It’s time to make fundraising a more equal, diverse and inclusive profession

The Institute of Fundraising has this week launched a Change Collective that aims to improve diversity and inclusion within fundraising, says Sufina Ahmad

It’s no secret that there is an urgent need for action to massively improve equality, diversity and inclusion across the charity sector.  The Institute of Fundraising is building a movement to do just this within the fundraising sector.

The evidence highlights the issues starkly, despite improvements being made: 70% of fundraisers are women but only 27% of the top three most senior roles in charities are held by women. There are too few BAME and disabled fundraisers – not just lower representation than the national average, but lower than the percentage in the charity sector as a whole. Sadly we know that not all fundraisers feel confident enough to be open about their sexuality or gender identity in their workplaces, meaning we haven’t got enough information beyond ‘visible diversity’, such as education, economic background and faith.

In the fundraising community, we know a lot about the reasons and causes for the lack of equality, diversity and inclusion in the sector.  However, at the Institute we know that there can be no delays in pushing forward to make real and positive change within the fundraising sector.  That’s why we are launching the Change Collective, a sector-wide movement to join the Institute to change the status quo. The guiding principles, objectives and activities are set out clearly in a ‘Manifesto for Change’ which provides the backbone for the strategy we will develop to tackle equality, diversity and inclusion in the fundraising community.

So how do we tackle this critical issue?

First and foremost, we need to reject tokenistic approaches, and instead focus on creating long-term momentum that ensures that no matter characteristics or the way these intersect, you will be the “right fit” for the profession. I’m proud to work with the Institute, the membership body for professional fundraisers in the UK, to chair their work on embedding diversity in the fundraising community. With a panel of fundraisers with lived experience of the discrimination that exists plus equality, diversity and inclusion experts we have been working to inform the Institute on how we can move forward – and also take the whole community with us. As a British Pakistani woman living and working in London, it has been a privilege to discuss these issues openly and without fear of discrimination. Through the Panel’s work, we have been able to highlight key issues and offer solutions that have been prioritised for the benefit of the entire community.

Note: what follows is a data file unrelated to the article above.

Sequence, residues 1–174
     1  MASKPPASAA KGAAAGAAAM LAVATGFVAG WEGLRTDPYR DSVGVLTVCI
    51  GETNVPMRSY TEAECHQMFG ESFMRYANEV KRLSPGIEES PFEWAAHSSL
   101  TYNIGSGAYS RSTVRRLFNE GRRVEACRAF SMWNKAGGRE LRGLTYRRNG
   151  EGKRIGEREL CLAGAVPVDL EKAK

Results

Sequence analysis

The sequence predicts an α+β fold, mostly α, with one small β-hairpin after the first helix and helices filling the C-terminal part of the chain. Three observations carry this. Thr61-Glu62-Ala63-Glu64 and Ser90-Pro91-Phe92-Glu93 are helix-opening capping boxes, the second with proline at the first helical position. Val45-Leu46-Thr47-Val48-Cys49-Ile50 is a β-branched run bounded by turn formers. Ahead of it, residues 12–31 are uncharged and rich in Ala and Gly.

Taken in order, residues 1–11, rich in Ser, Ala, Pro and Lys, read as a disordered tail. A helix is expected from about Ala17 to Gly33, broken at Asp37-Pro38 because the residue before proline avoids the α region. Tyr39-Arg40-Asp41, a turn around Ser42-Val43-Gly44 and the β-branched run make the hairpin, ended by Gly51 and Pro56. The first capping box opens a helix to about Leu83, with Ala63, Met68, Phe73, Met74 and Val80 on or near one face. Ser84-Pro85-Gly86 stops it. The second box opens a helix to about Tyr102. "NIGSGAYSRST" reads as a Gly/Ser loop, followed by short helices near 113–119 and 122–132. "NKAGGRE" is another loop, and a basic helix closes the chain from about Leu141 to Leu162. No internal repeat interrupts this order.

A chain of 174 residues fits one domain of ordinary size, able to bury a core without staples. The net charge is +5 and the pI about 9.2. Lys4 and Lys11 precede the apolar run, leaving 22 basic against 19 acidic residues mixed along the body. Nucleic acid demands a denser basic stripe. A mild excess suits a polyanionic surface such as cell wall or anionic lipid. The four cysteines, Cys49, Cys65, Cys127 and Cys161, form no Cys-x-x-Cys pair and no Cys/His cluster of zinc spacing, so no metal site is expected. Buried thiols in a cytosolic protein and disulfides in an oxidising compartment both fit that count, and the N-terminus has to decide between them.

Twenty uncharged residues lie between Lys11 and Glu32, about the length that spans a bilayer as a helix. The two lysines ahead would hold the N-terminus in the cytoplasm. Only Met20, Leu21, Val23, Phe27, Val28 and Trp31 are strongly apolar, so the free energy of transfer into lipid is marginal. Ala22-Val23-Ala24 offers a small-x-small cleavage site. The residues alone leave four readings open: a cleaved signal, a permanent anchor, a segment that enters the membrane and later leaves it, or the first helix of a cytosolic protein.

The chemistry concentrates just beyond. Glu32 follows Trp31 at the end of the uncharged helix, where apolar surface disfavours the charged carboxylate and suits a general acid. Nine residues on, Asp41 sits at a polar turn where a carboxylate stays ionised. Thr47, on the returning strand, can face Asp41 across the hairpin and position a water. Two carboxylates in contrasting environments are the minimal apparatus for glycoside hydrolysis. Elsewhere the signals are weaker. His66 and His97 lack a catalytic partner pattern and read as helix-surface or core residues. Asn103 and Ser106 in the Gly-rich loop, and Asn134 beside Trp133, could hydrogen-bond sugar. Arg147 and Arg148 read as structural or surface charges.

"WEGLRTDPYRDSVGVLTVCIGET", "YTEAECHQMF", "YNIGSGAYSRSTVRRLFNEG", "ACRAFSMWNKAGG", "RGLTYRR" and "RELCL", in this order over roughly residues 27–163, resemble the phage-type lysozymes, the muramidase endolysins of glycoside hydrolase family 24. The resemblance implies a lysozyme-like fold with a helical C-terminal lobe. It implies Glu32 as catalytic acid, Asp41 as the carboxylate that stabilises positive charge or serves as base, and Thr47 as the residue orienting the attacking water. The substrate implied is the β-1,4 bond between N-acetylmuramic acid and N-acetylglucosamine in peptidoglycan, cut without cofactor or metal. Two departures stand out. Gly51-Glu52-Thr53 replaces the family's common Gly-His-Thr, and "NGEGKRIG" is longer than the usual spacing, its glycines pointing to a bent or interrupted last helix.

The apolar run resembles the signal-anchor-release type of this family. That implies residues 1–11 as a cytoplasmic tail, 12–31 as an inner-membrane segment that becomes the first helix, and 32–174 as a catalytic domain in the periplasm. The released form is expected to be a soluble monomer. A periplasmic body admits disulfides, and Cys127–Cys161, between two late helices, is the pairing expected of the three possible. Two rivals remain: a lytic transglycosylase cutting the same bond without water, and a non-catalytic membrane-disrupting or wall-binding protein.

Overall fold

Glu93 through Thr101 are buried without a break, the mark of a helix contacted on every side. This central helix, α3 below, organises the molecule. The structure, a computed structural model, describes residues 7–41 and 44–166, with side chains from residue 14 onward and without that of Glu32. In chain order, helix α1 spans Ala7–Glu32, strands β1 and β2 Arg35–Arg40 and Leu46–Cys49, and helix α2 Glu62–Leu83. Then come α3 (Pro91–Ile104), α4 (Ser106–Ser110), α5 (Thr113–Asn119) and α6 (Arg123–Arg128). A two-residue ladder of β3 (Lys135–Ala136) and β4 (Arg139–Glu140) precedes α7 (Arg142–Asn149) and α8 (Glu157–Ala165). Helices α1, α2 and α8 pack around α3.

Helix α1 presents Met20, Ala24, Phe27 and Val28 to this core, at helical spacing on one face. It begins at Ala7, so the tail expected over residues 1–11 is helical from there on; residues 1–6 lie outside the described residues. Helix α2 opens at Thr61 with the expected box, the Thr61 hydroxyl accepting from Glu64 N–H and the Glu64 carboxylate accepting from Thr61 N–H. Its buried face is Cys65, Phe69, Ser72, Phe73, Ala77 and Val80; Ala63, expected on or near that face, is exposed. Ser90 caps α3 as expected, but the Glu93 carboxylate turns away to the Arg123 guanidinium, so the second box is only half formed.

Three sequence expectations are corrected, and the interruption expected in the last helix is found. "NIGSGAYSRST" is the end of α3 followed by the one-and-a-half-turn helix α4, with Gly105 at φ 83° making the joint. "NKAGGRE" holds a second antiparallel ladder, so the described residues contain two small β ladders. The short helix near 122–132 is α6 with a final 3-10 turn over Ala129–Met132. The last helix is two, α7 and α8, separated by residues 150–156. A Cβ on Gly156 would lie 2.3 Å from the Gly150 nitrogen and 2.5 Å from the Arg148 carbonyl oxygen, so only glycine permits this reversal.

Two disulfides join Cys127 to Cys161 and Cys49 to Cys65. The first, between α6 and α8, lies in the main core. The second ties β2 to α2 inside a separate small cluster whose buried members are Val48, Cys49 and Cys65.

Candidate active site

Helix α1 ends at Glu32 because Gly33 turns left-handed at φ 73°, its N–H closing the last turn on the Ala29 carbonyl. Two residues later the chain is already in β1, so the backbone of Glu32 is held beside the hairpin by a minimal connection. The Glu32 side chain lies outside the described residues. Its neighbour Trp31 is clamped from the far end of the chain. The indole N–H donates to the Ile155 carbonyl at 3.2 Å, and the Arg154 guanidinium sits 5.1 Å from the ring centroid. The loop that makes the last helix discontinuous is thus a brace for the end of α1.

The manifesto is based on a theory of change model, and clearly and concisely captures what needs to be done to change the state of play.  It will inform the Institute as they continue on this journey. It outlines enablers and activities that will help the Institute to achieve their outcomes, which are:

  1. To make entry into the profession diverse at all levels.
  2. Progression and retention within the profession is based on merit.
  3. Fundraising is, and is acknowledged to be, an equal, diverse and inclusive profession.

In order to achieve this, I strongly recommend you read the manifesto and 15 key activities, no matter what your profession or sector, to tackle entry, progression and build an inclusive profession. There are clear and tangible actions – such as banning unpaid internships and engaging diverse graduates – that the Institute, members and stakeholders will take on our journey to a better fundraising profession.

Second, sign up to be a member of the Change Collective and help us spread the word to your teams, your colleagues and your peers. This is a long-term project and there will be indicators of progress along the way – flashlights that will indicate we’re successfully chipping away at the problem.

This won’t be without its challenges and there will be tough conversations to be had within organisations. But I believe we all need to be better at challenging the obstacles that hold us back – within ourselves and our causes. I’m glad to be part of the solution in a proactive way, and I strongly urge you and your organisations to join too.

Sufina Ahmad is chair of Institute of Fundraising’s Equality, Diversity & Inclusion panel